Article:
Stepping over long-dead bodies of frozen climbers as he sought to reach the summit of Everest was something for which Nick Hollis was mentally prepared.
But even this seasoned mountaineer could not have imagined there would be so many fresh ones.
The 45-year-old British climber has just conquered Everest and completed all Seven Summits of the world – putting him into an elite group of around 500 people globally who have scaled the highest mountains on all seven continents.
His final summit – the 8,850-metre (29,035-foot) peak of Everest in the Himalayas – was made “much tougher than expected”, partly due to the presence of too many slow and inexperienced climbers, perilous to themselves and others.
Nepalese officials say 11 people have died on Everest this season – nine on the Nepali side and two on the Tibetan side, making this the deadliest season since 2015.
“What I hadn’t expected to see was so many bodies of climbers who’d died either that day or the day before,” Hollis said in an interview at his home in southern England.
“It’s no exaggeration to say you are walking over bodies.”
That death toll – coupled with photos seen around the world depicting queues of climbers inching their way up Everest’s south ridge – have raised concerns that authorities are issuing too many summit permits, and that inexperienced mountaineers are being encouraged to undertake the dangerous climb by unscrupulous guiding companies.
The Nepalese government issued a record 381 permits this year, each costing $11,000 (R163 981.40). With essential Sherpas and guides adding to the numbers, this meant there were more than 800 people trying to reach the summit in a year when the so-called “weather window” was a narrow few days in late May.
Hollis, who reached the summit at dawn on May 21, says the traffic problems were down to several factors, including poor weather and large numbers of people.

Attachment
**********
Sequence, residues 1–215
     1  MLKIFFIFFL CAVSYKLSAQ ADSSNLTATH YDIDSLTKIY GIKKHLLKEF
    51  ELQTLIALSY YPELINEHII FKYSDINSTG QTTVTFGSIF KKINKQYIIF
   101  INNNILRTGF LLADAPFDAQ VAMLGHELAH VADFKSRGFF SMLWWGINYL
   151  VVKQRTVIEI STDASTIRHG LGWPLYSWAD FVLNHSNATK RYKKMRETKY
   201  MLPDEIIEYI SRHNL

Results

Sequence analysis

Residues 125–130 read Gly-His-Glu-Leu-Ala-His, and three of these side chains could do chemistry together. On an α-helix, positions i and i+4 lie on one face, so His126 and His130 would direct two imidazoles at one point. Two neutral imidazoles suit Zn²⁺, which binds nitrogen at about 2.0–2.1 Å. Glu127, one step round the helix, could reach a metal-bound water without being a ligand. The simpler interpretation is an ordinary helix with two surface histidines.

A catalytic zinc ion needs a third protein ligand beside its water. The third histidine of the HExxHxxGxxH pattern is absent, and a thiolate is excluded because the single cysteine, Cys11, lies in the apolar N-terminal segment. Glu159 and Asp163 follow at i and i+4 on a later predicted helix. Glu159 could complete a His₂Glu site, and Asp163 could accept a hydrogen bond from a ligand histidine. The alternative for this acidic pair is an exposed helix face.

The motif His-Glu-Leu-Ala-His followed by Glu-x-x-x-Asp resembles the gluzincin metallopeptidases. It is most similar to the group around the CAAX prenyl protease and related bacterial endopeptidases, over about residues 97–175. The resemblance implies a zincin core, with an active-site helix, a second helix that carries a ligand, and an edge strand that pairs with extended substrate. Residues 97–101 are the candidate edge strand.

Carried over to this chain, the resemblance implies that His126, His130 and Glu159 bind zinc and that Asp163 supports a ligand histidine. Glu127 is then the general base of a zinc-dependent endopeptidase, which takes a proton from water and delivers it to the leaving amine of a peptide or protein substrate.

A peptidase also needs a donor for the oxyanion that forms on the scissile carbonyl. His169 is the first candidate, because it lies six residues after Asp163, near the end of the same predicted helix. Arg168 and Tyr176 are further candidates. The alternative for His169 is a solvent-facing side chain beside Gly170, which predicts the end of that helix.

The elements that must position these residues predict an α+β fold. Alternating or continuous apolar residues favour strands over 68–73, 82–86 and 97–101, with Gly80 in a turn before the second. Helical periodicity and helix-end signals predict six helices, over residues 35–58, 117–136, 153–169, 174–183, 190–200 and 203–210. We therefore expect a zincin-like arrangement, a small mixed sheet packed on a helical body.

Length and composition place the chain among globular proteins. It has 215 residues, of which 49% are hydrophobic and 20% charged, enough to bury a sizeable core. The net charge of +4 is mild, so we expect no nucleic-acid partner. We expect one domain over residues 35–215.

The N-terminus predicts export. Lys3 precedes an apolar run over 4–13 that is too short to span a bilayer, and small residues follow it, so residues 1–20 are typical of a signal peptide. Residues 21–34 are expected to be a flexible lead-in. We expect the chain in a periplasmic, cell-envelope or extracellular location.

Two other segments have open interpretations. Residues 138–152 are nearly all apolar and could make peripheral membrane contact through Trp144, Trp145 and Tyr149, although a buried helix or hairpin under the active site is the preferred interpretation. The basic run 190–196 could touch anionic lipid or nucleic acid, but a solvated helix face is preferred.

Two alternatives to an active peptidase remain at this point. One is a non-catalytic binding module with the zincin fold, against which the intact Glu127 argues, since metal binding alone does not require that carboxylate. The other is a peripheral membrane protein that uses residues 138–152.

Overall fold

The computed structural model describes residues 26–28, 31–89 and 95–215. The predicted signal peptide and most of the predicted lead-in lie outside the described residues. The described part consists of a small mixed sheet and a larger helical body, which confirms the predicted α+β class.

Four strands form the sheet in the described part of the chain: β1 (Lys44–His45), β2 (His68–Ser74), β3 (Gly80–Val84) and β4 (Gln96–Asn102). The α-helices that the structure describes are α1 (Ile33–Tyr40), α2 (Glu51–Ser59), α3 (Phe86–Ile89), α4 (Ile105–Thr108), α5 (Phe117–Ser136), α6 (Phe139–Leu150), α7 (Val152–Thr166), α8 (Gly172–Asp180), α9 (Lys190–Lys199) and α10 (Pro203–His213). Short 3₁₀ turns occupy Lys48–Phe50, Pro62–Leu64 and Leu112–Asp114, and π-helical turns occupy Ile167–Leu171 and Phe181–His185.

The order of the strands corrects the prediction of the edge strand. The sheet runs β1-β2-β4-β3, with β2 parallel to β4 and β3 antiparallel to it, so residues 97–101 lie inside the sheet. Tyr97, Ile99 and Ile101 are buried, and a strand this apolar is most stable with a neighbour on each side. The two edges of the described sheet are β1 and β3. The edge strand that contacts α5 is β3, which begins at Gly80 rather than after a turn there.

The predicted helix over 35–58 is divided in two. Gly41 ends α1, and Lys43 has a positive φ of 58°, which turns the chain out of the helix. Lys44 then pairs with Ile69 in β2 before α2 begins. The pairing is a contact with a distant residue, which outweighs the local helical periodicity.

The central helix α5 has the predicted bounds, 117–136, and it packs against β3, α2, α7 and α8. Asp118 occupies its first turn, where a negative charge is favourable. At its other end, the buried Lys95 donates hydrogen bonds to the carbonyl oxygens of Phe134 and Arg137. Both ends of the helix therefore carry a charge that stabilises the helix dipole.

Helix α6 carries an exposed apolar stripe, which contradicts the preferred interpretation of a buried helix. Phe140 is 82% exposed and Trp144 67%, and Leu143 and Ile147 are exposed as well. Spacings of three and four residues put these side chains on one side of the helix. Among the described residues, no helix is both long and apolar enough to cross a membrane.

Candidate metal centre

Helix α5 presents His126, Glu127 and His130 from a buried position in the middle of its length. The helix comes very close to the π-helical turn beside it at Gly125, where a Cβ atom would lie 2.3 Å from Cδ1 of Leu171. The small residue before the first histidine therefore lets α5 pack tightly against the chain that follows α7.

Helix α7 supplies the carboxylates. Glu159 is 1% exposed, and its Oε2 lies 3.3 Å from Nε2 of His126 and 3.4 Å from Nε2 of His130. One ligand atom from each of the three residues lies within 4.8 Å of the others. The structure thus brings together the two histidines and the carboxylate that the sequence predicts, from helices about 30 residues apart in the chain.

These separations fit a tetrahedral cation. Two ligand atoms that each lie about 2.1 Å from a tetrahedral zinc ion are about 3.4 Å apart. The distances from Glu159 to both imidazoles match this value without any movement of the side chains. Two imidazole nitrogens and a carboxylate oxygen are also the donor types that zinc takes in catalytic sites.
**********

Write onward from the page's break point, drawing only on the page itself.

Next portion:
But most dangerous, in his view, is the growing count of “incompetent climbers” who move very slowly through technical sections of the route, creating bottlenecks and long delays.
“The landscape on Everest has changed,” he said. “And things seem to have come to a head this year.”
He describes the “utterly remarkable” sight of people at Base Camp, who plan to attempt the summit, yet don’t have basic climbing skills such as how to use crampons or secure a harness.
“These people are complete beginners,” Hollis said.
“When the going gets tough…they become very slow and they’re unable to get through the obstacles and the more technical sections. That’s what creates the bottlenecks.”
With oxygen supplies limited, delays can be deadly.
Hollis and his sherpa guide, Pemba Tshering – a man he credits with keeping him alive through snow-blindness and several “terrifying” problems with his oxygen tank – decided to go for the summit a day early, risking adverse weather to avoid potential crowds.
As a result, they faced high winds and ice-crystal blasts and had to break path through fresh snow and ice covering the fixed lines to the summit.
Simply cutting permit numbers is unlikely to solve the problem, Hollis said. As he puts it: “If you were to restrict the number of permits down to say 200, you could still have 100 incompetent climbers within that mix.”
Much better, he said, would be a screening process. “You’d need to provide a climbing CV … with a certain level of experience before you’re able to set foot on the mountain.”